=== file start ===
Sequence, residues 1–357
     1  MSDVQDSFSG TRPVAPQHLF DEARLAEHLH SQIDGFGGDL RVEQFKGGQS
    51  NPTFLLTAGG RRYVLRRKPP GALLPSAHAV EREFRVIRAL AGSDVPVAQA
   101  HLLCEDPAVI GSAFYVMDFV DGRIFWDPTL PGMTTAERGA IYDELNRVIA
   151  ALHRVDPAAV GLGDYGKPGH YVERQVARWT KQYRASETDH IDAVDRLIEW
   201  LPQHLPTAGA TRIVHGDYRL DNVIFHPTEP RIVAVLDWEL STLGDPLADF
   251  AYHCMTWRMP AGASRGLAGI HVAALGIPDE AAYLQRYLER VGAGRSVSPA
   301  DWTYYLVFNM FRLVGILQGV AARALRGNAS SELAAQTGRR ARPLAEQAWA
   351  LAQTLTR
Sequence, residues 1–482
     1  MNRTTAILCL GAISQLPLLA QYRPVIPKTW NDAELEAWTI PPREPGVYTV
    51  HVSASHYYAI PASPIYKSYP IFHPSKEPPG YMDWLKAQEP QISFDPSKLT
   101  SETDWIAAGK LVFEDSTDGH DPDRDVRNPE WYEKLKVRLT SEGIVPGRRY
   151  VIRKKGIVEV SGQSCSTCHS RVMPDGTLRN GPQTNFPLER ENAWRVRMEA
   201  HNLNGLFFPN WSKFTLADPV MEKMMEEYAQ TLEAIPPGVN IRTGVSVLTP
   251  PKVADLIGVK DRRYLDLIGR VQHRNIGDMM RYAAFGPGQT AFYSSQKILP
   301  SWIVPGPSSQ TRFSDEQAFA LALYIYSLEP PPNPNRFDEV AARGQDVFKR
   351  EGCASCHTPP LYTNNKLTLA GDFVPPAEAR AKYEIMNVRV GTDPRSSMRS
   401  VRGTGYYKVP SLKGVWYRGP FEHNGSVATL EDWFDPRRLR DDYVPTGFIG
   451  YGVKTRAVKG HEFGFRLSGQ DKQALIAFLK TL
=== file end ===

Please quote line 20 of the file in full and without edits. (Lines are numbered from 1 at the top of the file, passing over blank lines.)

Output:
   451  YGVKTRAVKG HEFGFRLSGQ DKQALIAFLK TL